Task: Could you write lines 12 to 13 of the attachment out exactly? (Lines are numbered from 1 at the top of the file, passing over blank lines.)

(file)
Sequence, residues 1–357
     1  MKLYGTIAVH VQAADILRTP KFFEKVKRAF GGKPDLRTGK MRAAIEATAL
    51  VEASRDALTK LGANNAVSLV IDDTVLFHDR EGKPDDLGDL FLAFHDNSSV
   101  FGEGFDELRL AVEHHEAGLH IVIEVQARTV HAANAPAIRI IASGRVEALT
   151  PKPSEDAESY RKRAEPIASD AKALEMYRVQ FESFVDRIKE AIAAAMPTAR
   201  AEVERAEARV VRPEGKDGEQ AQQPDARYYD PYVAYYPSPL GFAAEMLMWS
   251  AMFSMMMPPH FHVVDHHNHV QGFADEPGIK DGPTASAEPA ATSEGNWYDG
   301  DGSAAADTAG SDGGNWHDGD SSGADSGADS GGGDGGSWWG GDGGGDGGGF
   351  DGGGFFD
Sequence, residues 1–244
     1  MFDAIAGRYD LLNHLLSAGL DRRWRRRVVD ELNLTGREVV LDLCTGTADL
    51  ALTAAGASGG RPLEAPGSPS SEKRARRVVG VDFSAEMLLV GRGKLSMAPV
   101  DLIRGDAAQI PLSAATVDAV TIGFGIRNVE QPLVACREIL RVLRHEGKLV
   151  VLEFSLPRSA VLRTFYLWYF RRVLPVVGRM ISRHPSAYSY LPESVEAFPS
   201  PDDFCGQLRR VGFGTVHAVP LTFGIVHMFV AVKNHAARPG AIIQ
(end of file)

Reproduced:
    51  ALTAAGASGG RPLEAPGSPS SEKRARRVVG VDFSAEMLLV GRGKLSMAPV
   101  DLIRGDAAQI PLSAATVDAV TIGFGIRNVE QPLVACREIL RVLRHEGKLV